PARIS (AP) — A French auction house withdrew a Pueblo shield from a contested sale of Native American artifacts Monday after protests from the United States.
U.S. Embassy spokesman Phil Frayne called it a "small victory in a larger battle" to repatriate tribal artifacts to their original homes. Frayne told The Associated Press that the U.S. government believes the 19th-century shield might have been taken illegally in the 1970s, and so it was withdrawn by Drouot just before the auction Monday.
The sale of the object — a large disc with a colored face in pigment adorned in bird feathers that was estimated to fetch up to 7,000 euros ($7,800) — is now suspended pending further examination. The Pueblo Indians live in the southwestern United States, primarily in the present-day states of New Mexico and Arizona.
Protesters waved banners outside Drouot that read "Cultural Genocide" and "Sacred Not for Sale."
But a member of the Tlingit indigenous community, Crystal Worl, who came to Drouot to protest left Monday's sale surprisingly optimistic.
"Today, one item being able to be repatriated is a small step but a necessary step to the bigger picture," Worl said.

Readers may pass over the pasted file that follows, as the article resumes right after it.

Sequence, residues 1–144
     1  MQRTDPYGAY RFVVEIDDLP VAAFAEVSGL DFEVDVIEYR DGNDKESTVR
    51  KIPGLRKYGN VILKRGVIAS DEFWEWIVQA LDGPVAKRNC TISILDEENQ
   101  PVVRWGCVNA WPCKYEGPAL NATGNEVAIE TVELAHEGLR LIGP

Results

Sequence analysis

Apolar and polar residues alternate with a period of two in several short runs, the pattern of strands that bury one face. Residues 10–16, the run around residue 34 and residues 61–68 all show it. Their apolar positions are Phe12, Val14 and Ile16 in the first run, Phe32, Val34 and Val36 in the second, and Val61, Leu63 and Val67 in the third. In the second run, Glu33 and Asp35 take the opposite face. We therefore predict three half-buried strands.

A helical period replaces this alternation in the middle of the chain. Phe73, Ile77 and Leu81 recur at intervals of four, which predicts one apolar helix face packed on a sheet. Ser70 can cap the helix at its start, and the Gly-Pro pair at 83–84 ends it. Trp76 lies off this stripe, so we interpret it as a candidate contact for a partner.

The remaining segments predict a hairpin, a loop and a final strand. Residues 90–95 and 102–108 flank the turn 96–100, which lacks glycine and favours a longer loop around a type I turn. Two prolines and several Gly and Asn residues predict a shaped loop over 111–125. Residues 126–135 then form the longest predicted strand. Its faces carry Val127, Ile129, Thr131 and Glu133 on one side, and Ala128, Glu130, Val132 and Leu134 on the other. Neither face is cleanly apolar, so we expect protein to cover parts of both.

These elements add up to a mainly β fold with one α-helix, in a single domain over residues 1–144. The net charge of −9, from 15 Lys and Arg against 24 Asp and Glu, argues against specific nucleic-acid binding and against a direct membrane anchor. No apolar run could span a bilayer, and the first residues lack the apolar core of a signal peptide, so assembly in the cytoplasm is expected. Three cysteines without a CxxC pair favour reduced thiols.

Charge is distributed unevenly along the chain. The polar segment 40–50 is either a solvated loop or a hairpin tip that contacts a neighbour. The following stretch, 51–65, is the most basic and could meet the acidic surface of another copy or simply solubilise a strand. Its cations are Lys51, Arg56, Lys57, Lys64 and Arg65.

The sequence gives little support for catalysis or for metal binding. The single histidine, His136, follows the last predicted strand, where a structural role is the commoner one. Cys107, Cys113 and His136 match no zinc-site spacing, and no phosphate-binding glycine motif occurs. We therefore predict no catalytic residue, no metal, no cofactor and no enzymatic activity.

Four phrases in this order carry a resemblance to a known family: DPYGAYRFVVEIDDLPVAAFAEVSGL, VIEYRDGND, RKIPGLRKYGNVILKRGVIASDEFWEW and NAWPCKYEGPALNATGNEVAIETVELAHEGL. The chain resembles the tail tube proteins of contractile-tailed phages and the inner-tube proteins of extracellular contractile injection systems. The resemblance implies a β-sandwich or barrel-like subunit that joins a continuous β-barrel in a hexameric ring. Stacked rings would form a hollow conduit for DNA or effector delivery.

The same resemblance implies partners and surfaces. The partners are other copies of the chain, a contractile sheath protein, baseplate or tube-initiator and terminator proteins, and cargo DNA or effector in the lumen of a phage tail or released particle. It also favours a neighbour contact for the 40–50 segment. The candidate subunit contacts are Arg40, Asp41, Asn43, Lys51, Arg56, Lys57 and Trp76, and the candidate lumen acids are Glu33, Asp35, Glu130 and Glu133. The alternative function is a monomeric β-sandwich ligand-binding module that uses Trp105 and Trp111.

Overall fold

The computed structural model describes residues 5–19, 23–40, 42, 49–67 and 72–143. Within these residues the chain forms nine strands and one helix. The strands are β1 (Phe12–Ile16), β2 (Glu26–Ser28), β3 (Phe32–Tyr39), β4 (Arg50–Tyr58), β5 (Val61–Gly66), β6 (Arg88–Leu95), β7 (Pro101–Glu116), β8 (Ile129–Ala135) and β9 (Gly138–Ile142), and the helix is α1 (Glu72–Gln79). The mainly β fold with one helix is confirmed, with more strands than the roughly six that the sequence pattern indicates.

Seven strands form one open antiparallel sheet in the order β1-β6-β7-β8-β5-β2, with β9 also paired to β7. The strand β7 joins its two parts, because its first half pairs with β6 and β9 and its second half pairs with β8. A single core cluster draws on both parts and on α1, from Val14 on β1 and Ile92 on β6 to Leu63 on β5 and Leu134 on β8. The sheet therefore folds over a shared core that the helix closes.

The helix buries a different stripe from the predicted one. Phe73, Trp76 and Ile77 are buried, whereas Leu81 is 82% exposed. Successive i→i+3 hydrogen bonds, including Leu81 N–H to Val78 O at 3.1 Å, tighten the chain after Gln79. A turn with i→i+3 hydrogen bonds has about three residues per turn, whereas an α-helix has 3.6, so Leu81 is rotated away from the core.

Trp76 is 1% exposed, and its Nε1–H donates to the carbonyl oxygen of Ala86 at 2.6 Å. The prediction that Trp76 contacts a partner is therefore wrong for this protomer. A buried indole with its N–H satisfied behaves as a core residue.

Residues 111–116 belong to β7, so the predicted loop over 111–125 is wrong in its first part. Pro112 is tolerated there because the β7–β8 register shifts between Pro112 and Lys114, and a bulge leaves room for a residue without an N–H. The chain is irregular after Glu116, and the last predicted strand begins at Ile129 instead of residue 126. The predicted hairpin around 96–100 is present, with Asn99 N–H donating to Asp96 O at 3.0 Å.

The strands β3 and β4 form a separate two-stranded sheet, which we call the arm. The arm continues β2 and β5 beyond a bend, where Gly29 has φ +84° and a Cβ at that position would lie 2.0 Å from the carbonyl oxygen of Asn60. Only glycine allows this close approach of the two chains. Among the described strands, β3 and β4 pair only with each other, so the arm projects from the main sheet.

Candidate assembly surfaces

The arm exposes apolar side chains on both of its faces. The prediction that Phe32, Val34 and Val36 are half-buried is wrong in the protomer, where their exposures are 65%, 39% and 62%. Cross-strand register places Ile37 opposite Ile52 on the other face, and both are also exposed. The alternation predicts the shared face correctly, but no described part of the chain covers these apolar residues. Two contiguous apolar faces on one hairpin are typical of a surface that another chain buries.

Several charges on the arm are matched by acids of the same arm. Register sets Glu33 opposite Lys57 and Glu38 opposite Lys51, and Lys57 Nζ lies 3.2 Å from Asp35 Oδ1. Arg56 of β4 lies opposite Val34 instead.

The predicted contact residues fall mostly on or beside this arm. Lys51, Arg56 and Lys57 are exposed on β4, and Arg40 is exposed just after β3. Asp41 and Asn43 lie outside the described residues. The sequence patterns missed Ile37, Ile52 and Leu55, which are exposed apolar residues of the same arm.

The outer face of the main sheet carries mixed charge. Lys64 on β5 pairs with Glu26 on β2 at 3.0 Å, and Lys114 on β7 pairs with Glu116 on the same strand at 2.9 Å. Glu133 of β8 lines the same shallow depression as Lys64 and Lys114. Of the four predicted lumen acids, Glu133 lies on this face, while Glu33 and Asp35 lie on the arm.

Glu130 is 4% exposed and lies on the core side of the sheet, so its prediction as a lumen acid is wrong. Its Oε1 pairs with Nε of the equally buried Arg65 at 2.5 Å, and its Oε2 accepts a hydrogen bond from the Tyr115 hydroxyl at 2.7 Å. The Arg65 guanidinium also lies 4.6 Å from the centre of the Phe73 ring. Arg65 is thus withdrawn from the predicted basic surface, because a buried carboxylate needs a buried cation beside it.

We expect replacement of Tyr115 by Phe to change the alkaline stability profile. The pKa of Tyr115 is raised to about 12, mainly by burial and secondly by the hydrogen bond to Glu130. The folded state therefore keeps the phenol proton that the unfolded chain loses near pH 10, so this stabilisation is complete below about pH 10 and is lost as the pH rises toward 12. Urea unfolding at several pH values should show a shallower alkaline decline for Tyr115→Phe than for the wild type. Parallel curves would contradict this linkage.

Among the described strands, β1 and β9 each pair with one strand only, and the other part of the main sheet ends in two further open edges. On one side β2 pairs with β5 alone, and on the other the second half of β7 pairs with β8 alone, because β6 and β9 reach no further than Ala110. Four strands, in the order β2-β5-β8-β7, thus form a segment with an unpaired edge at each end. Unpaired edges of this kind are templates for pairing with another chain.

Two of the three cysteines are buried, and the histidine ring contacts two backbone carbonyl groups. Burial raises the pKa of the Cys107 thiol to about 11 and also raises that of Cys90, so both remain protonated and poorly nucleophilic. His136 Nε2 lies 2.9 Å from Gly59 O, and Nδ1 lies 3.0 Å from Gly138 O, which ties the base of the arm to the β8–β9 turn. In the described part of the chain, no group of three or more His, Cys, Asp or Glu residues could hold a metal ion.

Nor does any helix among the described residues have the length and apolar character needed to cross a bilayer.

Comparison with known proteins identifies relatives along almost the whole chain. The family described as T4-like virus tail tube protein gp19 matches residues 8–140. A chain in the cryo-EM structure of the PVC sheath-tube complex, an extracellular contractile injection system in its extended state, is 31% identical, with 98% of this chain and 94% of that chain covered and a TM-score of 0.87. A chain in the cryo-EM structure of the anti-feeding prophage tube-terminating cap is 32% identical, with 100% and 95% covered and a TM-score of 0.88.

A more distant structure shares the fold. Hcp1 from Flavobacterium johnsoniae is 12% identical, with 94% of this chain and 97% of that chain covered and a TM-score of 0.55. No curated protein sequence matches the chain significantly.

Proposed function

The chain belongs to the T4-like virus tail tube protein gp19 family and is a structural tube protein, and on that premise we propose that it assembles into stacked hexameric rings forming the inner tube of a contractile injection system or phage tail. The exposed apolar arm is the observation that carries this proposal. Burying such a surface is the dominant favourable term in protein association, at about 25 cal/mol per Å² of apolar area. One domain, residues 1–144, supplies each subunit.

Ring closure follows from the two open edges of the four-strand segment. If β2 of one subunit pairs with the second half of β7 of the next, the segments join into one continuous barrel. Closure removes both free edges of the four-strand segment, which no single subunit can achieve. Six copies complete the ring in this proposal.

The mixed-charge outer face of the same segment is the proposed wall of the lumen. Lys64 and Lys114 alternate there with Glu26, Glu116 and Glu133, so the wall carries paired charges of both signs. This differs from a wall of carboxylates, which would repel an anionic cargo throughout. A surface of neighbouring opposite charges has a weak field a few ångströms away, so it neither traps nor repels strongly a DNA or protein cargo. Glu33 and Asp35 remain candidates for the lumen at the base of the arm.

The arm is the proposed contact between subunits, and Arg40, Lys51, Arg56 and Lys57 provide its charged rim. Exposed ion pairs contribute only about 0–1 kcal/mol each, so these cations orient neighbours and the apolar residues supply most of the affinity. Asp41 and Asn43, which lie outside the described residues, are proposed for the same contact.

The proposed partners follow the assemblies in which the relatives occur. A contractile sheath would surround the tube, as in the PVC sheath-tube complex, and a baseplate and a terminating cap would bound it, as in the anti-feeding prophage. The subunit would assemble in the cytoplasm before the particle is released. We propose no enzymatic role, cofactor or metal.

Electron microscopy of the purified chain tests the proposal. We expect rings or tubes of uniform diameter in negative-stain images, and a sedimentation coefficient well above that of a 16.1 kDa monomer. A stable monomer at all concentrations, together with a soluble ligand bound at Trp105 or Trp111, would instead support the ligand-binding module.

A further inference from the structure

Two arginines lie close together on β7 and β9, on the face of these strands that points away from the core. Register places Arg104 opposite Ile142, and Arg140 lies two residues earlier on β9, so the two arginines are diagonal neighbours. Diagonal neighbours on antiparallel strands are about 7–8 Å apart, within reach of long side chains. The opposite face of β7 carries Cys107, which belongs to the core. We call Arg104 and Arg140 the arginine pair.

She said the shield "has cultural values that need to be passed on to the next generations. And it excites me to know that there is hope for the future."
A total of 313 lots were auctioned in a relatively empty and quiet sale in which bids often failed to meet the predicted catalog prices.
Twelve sacred Kachina masks went under the hammer for 116,000 euros ($129,000) — with the most precious, the Crow Mother going for 38,000 euros ($42,300), about a third less than expected.
Past sales of tribal artifacts in Paris have been opposed by Native American representatives who consider them sacred and believe they were once stolen from tribes.